Jordan: Let’s Play for Change campaign helps kids simply be kids

On 28 July 2012 I stepped down from a bus carrying Syrian refugees from border checkpoints to discover that we had arrived at a conspicuous white tent in the middle of an empty desert. When I first arrived at Za’atari refugee camp, I remember seeing no more than 50 people huddled under that tent, disoriented, afraid and unsure of what the future would bring.

Although they all faced similar hardships, each had a unique story to tell.  That day I met a tailor, his wife and three daughters. They had arrived carrying only the few belongings they could pack in the midst of a bombing raid. I met a young man dressed in stylish cosmopolitan clothes, who had come all the way from Damascus, fleeing from the government security forces that threatened him after he posted anti-government sentiments on Facebook. And I will never forget the woman who arrived weeping and inconsolable, clutching a framed photograph of her child.

Five years later, Za’atari camp is home to 80,000 Syrian refugees and has become the fourth largest city in Jordan. Over 660,000 registered refugees have crossed the border, all having lost their homes, belongings, livelihoods, communities and, very often, members of their family in the violence. Although many settled in Za’atari the majority—nearly 80%—settled outside the camp, in urban areas across Jordan.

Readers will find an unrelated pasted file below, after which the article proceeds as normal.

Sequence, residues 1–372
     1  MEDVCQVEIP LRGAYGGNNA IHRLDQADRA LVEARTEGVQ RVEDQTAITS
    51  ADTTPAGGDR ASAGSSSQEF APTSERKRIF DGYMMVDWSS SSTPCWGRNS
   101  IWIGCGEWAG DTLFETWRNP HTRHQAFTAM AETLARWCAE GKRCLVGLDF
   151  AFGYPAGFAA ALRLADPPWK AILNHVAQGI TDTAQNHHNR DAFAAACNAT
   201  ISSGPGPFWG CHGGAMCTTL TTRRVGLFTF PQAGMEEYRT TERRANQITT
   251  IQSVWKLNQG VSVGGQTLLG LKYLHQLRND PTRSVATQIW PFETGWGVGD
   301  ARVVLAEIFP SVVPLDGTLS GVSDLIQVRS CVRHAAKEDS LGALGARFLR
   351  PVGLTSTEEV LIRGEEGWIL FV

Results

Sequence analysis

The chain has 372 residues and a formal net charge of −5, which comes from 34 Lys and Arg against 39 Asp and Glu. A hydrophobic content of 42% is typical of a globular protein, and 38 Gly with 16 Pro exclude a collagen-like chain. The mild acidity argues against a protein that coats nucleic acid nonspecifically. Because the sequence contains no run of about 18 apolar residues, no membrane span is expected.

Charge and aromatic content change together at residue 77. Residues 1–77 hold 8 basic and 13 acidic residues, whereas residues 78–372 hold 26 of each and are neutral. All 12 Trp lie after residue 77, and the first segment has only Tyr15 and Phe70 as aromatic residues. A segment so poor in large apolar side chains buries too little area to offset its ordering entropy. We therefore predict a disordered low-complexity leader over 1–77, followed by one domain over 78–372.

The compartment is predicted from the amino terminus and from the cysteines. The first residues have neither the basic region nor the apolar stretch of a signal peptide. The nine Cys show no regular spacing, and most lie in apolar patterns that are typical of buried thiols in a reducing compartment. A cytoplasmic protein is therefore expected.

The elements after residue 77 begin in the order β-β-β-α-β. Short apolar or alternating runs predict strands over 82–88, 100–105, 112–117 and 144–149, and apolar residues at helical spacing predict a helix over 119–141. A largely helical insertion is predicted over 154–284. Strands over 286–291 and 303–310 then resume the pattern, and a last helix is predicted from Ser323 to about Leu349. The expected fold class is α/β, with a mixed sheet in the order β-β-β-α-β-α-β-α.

Since that day I have worked on projects aiming to provide Syrian refugee children with emergency education and psychosocial support to promote their healthy development and resilience. During my time working with children, I have heard them tell stories of violence, death and terror; things that would unhinge any adult, much less a child. But I have also seen stories of hope. The mother who refuses to let her children give up on their education. The teacher who gathers the neighbourhood children in her caravan for math and Arabic lessons. The doctor who gives free treatment to his compatriots.

During my five years working in Jordan, the most rewarding project for me has been War Child’s Time to Be a Child project, thanks to the support of the IKEA Foundation and the Let’s Play for Change campaign. The project’s comprehensive approach allows us to target children, parents and communities in a unified programme. It aims to provide children with safe communities that promote their healthy development and resilience, focusing on early childhood care and development, psychosocial support, recreational activities and youth engagement. It also helps foster safe communities for children by providing parenting skills and psychosocial support for caregivers, as well as community-based child protection.

In October 2017, an IKEA Poland IWitness team will arrive in Jordan to see for themselves how the Time to Be a Child project has impacted the lives of thousands of Syrian and vulnerable Jordanian families across the Kingdom. My hope is that they will not only hear the stories of devastation and sadness but will come away with a sense of hope and encouragement that this project is giving children the opportunity to learn, develop, play…and simply be kids.




    Priscilla Yoon